On closer inspection, the picture is no better. The benchmark measure for consumption is retail sales. This is followed with great interest within and without China on hopes that consumption will begin to drive the Chinese and even the world economy. In the fourth quarter, global consumption took a heavy blow, but implied (from incomplete revisions) growth in Chinese retail sales was over 20 percent, on-year. For 2008 as a whole, retail sales soared 21.6 percent. This is a 13-year high and considerably faster than the (unrevised) 16.8 percent rise in 2007.
Unfortunately, such an increase is very hard to believe. Passenger car sales added 7.3 percent in 2008, much slower than the 21.7 percent jump registered in 2007. Sales of residential real estate plunged an unprecedented 21 percent through November. What are Chinese consumers buying? Not imports. Import volume--the only verifiable element of consumption--fell 8.8 percent in the fourth quarter.
While all this is disturbing, there is a more fundamental problem. Per capita rural income was said to climb 15 percent in 2008 while per capita urban income climbed 14.5 percent. Real urban income somehow accelerated noticeably in the fourth quarter though GDP decelerated sharply. Even if that is true, incomes trailed sales by a good margin.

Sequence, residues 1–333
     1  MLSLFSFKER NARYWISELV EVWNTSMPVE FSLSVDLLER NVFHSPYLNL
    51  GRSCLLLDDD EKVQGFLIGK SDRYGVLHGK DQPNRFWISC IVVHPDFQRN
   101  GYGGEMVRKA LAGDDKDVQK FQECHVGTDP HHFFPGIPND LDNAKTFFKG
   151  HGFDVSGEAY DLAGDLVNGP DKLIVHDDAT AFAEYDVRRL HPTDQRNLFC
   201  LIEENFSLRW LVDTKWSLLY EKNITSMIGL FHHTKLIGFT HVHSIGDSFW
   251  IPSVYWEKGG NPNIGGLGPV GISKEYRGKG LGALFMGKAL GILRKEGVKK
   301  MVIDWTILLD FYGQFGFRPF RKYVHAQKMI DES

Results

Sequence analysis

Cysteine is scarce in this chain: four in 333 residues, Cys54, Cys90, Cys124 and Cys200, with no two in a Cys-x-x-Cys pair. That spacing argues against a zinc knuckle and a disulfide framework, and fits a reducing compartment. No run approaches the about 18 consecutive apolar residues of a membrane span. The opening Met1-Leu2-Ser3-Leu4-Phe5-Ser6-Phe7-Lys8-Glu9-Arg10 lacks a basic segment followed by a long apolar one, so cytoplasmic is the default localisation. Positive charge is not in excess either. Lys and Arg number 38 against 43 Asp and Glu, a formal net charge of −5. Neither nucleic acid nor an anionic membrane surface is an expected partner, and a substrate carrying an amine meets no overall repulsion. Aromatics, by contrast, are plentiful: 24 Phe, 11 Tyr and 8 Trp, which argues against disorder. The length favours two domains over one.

This should indicate that personal savings growth was small, as most income went to spending. But household deposits soared 26.6 percent. Individual Chinese are said to be both spending and saving much faster than they earn. Moreover, saving was said to sharply accelerate while the economy slowed--as to be expected--yet retail sales still hardly slipped at all. In this light, it is difficult to credit rapid consumption gains.
Knockout Blow from Power
The Chinese economy's last serious slump was during the Asian financial crisis. It is now widely accepted that official GDP growth for 1998 and perhaps 1999 was heavily exaggerated. Evidence was first found in power consumption growth, which dropped like a stone in the late 1990s while GDP growth merely moderated. Last year was 1998 all over again.
An Official Discrepancy (percent change)
The present boom started in 2003. The speed of GDP growth has been catching up to power consumption growth since then. Nonetheless, GDP growth has been below power consumption growth all through the boom, even with the large upward revision in 2007 GDP. In 2008, though, as the economy came under duress, GDP was suddenly much faster than power consumption. The fourth quarter was far starker: GDP growth was said to hold 6.8 percent even while power demand contracted an (unweighted) 6.7 percent.
Electricity consumption cannot be magically slashed from year to year, much less quarter to quarter. If it could, China's excessive coal use would long since have been resolved. Based on power consumption, a reasonable figure for 2008 annual growth is 6 percent with very little growth in the fourth quarter.